Study Guide

The Disreputable History of Frankie Landau-Banks Rules and Order

By E. Lockhart

Rules and Order

I would like to point out that many of the Order's escapades were intended as social criticism. (1.8)

Frankie's letter of confession is not without some rationalizing. She wasn't just trying to wreak havoc like any other crazy teenager; she was trying to make a statement. But the question remains: did she effectively make it? If she has to explain her pranks, did they accomplish what she wanted them to?

The panopticon would create a sense of paranoia so pervasive that its inhabitants became practically self-governing. (10.9)

The panopticon is such an effective tool of control that the prisoners wind up making and following their own rules, instead of rebelling.

They were not afraid to break the rules, because consequences rarely applied to them. They were free. They were silly. They were secure. (15.22)

The dogs of the school don't break the rules. They make the rules.

Being a Basset was very important to these boys because it mediated their relationship to the other social institutions that shaped them—most importantly, Alabaster. (21.18)

In a way, the Basset Hounds experience two levels of belonging. With their high social status, they clearly belong at Alabaster. And as Bassets, they only cement that status further. In that sense, they ensure that they'll remain on the top of the social food chain at Alabaster twice over.

But another part of Frankie enjoyed the fact that she'd made herself a subject of discussion. That she'd broken a rule so entrenched in everybody's mind that it never occurred to anyone that it wasn't actually a rule. (22.34)

Way to challenge the panopticon and sit wherever you please, Frankie. This girl's got the makings of a hardcore activist.

"It feels good to be disobedient, don't you think?" asked Alpha. He leaned his weight ever so slightly harder against her arm, and Frankie could smell cigarette smoke and a wisp of apple. (28.27)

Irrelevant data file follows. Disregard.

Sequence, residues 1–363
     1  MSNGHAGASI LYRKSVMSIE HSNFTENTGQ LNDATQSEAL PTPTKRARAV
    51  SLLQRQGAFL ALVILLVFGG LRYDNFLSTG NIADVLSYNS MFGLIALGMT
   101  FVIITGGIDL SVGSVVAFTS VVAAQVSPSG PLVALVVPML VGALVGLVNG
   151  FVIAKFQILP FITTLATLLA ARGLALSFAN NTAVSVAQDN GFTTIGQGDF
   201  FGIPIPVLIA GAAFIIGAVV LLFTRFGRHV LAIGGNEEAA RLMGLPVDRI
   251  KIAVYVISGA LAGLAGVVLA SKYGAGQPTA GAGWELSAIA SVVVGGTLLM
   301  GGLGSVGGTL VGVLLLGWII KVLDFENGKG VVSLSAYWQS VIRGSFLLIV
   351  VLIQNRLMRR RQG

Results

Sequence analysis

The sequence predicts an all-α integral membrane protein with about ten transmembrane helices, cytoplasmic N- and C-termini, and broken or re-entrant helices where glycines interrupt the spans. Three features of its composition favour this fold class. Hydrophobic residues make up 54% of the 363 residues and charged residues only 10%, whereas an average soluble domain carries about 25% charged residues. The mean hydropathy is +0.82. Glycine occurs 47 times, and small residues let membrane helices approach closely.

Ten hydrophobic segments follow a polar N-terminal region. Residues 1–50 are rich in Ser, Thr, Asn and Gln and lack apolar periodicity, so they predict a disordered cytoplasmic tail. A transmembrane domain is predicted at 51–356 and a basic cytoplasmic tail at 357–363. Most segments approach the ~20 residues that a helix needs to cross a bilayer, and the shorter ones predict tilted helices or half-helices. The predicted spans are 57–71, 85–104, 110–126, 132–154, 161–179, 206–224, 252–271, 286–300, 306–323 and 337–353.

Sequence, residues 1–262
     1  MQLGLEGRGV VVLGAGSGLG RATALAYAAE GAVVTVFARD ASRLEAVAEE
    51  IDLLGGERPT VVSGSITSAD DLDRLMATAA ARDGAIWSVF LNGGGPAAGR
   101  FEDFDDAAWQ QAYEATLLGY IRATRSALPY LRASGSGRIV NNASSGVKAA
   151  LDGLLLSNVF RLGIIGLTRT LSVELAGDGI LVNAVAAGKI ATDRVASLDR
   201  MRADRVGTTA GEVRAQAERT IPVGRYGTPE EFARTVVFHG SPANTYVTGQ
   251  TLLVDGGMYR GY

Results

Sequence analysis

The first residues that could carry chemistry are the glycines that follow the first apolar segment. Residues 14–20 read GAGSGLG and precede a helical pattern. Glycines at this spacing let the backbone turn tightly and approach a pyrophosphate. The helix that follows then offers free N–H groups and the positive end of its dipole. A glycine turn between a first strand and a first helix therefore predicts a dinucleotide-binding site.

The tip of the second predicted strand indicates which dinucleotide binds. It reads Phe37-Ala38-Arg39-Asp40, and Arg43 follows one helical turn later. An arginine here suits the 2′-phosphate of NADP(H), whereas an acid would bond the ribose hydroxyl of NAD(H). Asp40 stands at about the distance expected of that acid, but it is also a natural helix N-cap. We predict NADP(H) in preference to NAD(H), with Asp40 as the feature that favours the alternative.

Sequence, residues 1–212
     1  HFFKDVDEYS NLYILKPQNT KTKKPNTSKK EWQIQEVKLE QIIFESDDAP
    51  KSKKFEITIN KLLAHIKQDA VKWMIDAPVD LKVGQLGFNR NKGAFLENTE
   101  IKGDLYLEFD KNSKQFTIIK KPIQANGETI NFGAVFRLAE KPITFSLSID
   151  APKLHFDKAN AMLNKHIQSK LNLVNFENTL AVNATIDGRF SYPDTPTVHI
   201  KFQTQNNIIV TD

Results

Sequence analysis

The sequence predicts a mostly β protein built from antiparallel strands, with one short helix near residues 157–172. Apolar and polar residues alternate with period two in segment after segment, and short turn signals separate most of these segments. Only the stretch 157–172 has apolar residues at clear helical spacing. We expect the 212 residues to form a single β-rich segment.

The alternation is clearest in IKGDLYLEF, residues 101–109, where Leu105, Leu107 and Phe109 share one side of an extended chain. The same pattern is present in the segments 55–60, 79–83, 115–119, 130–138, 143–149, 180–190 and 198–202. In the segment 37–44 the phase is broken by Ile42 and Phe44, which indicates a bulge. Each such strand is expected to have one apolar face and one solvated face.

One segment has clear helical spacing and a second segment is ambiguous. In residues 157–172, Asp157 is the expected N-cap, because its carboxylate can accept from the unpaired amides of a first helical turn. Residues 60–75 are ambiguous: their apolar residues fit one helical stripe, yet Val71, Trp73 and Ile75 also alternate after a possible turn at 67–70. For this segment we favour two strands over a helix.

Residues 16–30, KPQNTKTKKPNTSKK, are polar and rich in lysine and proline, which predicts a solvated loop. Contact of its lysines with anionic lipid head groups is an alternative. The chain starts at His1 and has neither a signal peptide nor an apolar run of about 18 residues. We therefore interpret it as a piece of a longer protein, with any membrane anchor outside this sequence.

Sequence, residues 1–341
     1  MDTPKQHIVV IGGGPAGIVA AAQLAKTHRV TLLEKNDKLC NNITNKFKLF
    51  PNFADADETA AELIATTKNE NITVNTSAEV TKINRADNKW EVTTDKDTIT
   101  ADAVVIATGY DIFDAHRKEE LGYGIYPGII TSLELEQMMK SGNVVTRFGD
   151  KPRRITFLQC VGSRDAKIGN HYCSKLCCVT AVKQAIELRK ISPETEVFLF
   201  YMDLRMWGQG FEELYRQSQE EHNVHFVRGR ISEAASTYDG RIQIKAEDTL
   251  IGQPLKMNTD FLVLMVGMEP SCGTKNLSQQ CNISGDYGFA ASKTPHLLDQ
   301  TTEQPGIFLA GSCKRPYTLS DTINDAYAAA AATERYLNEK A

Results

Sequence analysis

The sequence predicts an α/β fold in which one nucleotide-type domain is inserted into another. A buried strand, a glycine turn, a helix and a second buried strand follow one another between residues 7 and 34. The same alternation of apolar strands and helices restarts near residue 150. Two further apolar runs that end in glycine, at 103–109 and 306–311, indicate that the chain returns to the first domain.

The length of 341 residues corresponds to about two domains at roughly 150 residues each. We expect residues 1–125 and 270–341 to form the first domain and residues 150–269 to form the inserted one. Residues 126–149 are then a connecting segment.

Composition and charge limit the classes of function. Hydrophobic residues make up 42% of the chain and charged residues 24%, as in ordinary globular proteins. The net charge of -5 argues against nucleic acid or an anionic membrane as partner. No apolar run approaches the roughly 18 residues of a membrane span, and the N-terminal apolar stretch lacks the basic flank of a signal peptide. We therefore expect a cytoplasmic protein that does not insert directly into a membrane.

Here comes trouble. Aside from Frankie, Alpha's the biggest troublemaker in the book, and they both seem to recognize it on some level. But why do you think Alpha thinks it feels good to be disobedient? We know that Frankie enjoys it from a social criticism angle, but what's in breaking the rules for Alpha?

And Frankie thought: He won't even be able to call anyone. Incommunicado for four days. (31.15)

With Alpha gone, the dogs will be in disorder and Frankie will have her moment to insert herself into the equation. Now she can start making the rules.

Like Cacophonists, the Caltech students critique a time-honored institution (the university) by breaking its unwritten rules: you must wear clothes, you must honor your teachers, you must not attack fellow students' dorm rooms with chain saws. (32.11)

Those crazy Caltech students. The history of protest is obviously something that Frankie takes very seriously in her studies. Talk about applying what you've learned to real life.

The Guppy respectfully requests that school assemblies be henceforth held in the auditorium of the new arts complex. (40.18)

Frankie's pranks aren't just a silly attempt to mess with the school administration; they actually challenge the rules that she finds ridiculous. What's amazing is how effective some of them are. Frankie actually gets what she wants. We just wonder if the administration and the student body understand the overall message.

"No, seriously," she persisted. "The Guppy represents the old-fashioned values of the school, and putting it in the dry pool is like saying those values are old and useless, the way the pool is." (40.45)

Thanks for the explanation, lady. Frankie is done with all of the stupid rules that hold her back, done with the Old Boy's club feel of Alabaster. If only she could get Matthew to see what she means.

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